Consumer spending up, ending slide

Government report shows larger-than-expected increase was first gain in 7 months; income also rose.

EMAIL  |   PRINT  |   SHARE  |   RSS
 
google my aol my msn my yahoo! netvibes
Paste this link into your favorite RSS desktop reader
See all CNNMoney.com RSS FEEDS (close)
By Ben Rooney, CNNMoney.com staff writer

NEW YORK (CNNMoney.com) -- Consumer spending rose more than expected in January, after declining for six consecutive months, according to government figures released Monday.

The Commerce Department report showed spending by individuals rose 0.6% last month, after dropping 1% in December. Economists surveyed by Briefing.com had forecast an increase of 0.4%.

January's increase comes after several months of anemic consumer spending as rising unemployment took its toll on household purchasing power. But economists expect consumer spending to remain weak in the months ahead as the economy continues to deteriorate.

"While this up-tick does not likely signal the start of a string of increases, we will take any good news on the economy these days," said Adam York, an economist at Wachovia Economics Group.

The report also showed that personal income rose 0.4% in January, following a decline of 0.2% in the previous month. Economists had forecast another 0.2% decline.

The personal income figure was boosted by pay raises for federal civilian and military employees, as well as cost of living increases for certain federal programs, according to the report. Excluding these factors, incomes rose 0.2% in January.

Personal savings rose $128.7 billion in January to $545.5 billion. The personal savings rate, expressed as a percentage of disposable personal income, jumped to 5% from 3.9% in December. At 5%, the savings rate is at a 14-year high.

"The savings rate is a better reflection of the caution that consumers are showing than the spending number," York said.

A big decline in consumer spending helped drive the nation's gross domestic product, the broadest gauge of economic activity, sharply lower during the last three months of 2008.

The government said last week that fourth quarter GDP fell at an annual rate of 6.2%, revised up from an earlier estimate of 3.8%. It was the worst decline in GDP in 26 years.

On Friday, a report from the Labor Department is expected to show that the economy lost 598,000 nonfarm jobs in January and that the unemployment rate rose to 7.9% from 7.6%.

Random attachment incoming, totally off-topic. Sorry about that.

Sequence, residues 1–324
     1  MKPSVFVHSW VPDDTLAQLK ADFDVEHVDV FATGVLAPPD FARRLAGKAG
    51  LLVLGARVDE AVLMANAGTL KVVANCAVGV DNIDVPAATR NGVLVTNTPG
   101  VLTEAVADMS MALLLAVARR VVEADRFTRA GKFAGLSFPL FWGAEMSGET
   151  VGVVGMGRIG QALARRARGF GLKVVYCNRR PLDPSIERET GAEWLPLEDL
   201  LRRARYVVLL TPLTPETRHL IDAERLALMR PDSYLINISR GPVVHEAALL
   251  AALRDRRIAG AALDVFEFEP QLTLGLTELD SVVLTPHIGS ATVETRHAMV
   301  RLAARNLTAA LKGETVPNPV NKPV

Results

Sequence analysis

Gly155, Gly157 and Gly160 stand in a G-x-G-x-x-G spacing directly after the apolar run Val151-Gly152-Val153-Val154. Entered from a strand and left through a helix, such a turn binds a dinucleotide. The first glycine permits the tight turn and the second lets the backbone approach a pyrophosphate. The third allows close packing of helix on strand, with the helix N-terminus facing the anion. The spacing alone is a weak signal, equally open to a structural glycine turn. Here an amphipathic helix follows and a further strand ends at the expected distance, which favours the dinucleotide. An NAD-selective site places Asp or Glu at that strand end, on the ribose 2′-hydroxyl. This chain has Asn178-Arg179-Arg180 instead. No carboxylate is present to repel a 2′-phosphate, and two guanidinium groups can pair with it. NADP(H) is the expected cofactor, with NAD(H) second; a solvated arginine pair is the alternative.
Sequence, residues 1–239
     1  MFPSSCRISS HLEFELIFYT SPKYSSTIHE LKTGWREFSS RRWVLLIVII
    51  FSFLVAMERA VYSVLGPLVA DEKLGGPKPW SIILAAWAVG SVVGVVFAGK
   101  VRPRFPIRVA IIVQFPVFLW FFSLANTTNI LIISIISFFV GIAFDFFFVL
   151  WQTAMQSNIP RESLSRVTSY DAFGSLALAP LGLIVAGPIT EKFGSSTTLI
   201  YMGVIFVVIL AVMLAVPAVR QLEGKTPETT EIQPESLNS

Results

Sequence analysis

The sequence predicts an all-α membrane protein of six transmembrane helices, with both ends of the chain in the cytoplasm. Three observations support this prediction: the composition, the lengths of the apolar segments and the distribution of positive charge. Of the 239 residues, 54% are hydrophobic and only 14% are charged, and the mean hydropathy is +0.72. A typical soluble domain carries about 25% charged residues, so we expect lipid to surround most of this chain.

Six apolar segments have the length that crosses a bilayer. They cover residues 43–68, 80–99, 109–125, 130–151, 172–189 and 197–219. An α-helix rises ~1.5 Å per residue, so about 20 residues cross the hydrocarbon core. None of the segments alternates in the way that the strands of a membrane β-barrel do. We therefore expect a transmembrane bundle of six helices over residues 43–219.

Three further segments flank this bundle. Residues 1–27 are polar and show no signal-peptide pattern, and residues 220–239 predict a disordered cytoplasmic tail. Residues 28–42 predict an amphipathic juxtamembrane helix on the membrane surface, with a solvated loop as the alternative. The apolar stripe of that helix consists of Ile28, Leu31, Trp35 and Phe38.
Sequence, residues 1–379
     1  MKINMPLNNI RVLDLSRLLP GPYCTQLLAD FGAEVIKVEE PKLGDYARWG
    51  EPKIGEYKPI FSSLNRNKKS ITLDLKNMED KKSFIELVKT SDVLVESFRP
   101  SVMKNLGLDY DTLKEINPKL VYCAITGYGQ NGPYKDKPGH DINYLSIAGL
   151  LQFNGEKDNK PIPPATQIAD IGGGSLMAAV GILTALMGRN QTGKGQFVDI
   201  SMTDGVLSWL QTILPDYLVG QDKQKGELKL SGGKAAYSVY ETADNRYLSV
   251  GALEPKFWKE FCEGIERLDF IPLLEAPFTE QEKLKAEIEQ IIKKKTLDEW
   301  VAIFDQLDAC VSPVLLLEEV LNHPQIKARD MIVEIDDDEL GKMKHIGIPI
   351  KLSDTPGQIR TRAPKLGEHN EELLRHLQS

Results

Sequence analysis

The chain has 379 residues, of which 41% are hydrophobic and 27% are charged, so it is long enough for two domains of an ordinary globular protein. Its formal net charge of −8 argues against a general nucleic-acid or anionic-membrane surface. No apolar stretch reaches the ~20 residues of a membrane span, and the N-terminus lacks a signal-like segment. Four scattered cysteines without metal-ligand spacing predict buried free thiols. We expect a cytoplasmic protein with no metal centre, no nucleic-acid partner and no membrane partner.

Last month, the government reported that consumer spending rose an anemic 3.6% in 2008, the smallest full-year increase in 47 years.

Talkback: Are you living on your unemployment check? How are you making ends meet? What bills are you paying - and which ones are sliding? E-mail your story to realstories@cnnmoney.com and you could be part of an upcoming article. To top of page

Features
They're hiring!These Fortune 100 employers have at least 350 openings each. What are they looking for in a new hire? More
If the Fortune 500 were a country...It would be the world's second-biggest economy. See how big companies' sales stack up against GDP over the past decade. More
Sponsored By:
More Galleries
These 10 food trends could dominate 2015 So long, kale. Here's what's expected to shake up the food industry next year. More
Beyond Russia: Geopolitical hot spots in 2015 Investors beware: These 5 global crises are likely to rattle the stock market and world economy. More
These 20 antique guns could fetch big bucks Morphy Auctions in Pennsylvania is putting nearly 1,000 old guns on the block. Here are just a few. More

Most stock quote data provided by BATS. Market indices are shown in real time, except for the DJIA, which is delayed by two minutes. All times are ET. Disclaimer.

Morningstar: © 2014 Morningstar, Inc. All Rights Reserved.

Factset: FactSet Research Systems Inc. 2014. All rights reserved.

Chicago Mercantile Association: Certain market data is the property of Chicago Mercantile Exchange Inc. and its licensors. All rights reserved.

Dow Jones: The Dow Jones branded indices are proprietary to and are calculated, distributed and marketed by DJI Opco, a subsidiary of S&P Dow Jones Indices LLC and have been licensed for use to S&P Opco, LLC and CNN. Standard & Poor's and S&P are registered trademarks of Standard & Poor’s Financial Services LLC and Dow Jones is a registered trademark of Dow Jones Trademark Holdings LLC. All content of the Dow Jones branded indices © S&P Dow Jones Indices LLC 2014 and/or its affiliates.